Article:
Mike Hirshon: A Crazy Balancing Act of Color, Shapes and Lines

Mike Hirshon’s wonderful illustrations use unexpected color palettes and compositions to convey an almost musical motion. Each one is like a freeze frame from a fantastic place that we want to visit.

How did you get started in the visual arts?
Kind of by accident. There was a time when I wanted so badly to be a writer — I even applied to school to study creative writing. Shortly after I enrolled, I discovered that the school had no creative writing program, and that I was kind of bad at reading university brochures. Scrambling to find something else to study, I tried my luck with art. I’d been doodling since birth, so it seemed like a good backup option. 

I think I realized while studying for finals, that my notes consisted of more drawn marginalia than useful information. Because professional note-scribbler wasn’t a viable career path, I settled on illustration. 11 years later, I’m still doing it and loving it.

Who else’s work has influenced or inspired your work?

I look at my work as a crazy balancing act of color, shapes, and lines. I’d say the lines have been inspired by illustrators like Robert Weaver, Josh Cochran, and John Hendrix. The shapes come from Cubist and Futurist paintings, which always get my brain thinking about geometry (not the part with numbers). And I think my color choice took on a more bold and expressive tone after I’d looked at the works of Edel Rodriguez and D.B. Dowd.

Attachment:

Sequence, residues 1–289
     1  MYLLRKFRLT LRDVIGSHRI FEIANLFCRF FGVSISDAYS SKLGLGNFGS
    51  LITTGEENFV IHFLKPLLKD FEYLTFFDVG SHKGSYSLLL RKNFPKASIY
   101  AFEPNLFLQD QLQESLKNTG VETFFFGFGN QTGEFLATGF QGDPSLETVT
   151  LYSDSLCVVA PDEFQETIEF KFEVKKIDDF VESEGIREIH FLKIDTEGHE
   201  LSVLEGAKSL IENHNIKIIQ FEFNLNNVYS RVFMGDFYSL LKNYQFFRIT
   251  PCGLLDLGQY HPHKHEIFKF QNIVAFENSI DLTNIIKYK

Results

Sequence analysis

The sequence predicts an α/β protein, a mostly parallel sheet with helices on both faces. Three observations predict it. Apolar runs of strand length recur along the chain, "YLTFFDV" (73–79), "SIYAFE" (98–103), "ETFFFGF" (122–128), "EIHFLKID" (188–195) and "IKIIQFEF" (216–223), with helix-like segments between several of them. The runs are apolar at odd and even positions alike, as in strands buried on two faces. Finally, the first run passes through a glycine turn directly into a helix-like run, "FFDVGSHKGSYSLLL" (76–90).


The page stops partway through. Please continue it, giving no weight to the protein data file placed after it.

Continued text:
Can you tell us about your creative process?
My drawings start as plain linework, either drawn in my sketchbook on location, or via my Wacom tablet. Once I’ve finished the linework, I get to have fun in Photoshop finding ways to add shape and color and texture and in a way that will bring the lines to life. I have an extremely flexible workflow; everything has its own layer and can be easily tweaked at my every whim (and there are always quite a few whims). I like to experiment with colors and compositions, and basically think of my drawings as assets that will be manipulated digitally. 

What’s it like being a freelancer?

When I’m drawing robots or hippos in my home-studio, in my pajamas, it’s the most magical job imaginable. When I’m following up on invoices, licking envelopes, and organizing tax paperwork, it’s….not that magical. Overall, I’d say the pros heavily outweigh the cons. 

How do you grow and promote your business?
My business is built on postcards, sent to select art directors I want to work with. It’s probably not hard to guess where I get the postcards from!I also send out monthly emails, regularly update social media, run a couple of blogs, and regularly badger friends who start small businesses. 

What interesting projects have you worked on?

This year alone has been full of very exciting projects: a series of portraits of authors, an illustrated a cookbook by a Mexican food truck chef, packaging for a dog toy company, a clothing line, and a couple of book covers. It’s always great when you can work on such a huge variety of assignments — keeps things fresh.

What areas of your work are you hoping to explore further?
I’ve started to dabble more with digital painting. So far I’ve used what I’ve learned to develop a very different sort of style from my regular work. I think it would be fun to try to bridge the two together into something new and see what kinds of kooky images I can make. There are many times when I feel limited by linework (like when facial expression lines look like elderly wrinkles) so being able to add in some subtly and dimension could open up a lot of avenues.

To see more of Michael’s work, visit: www.hirshon.net

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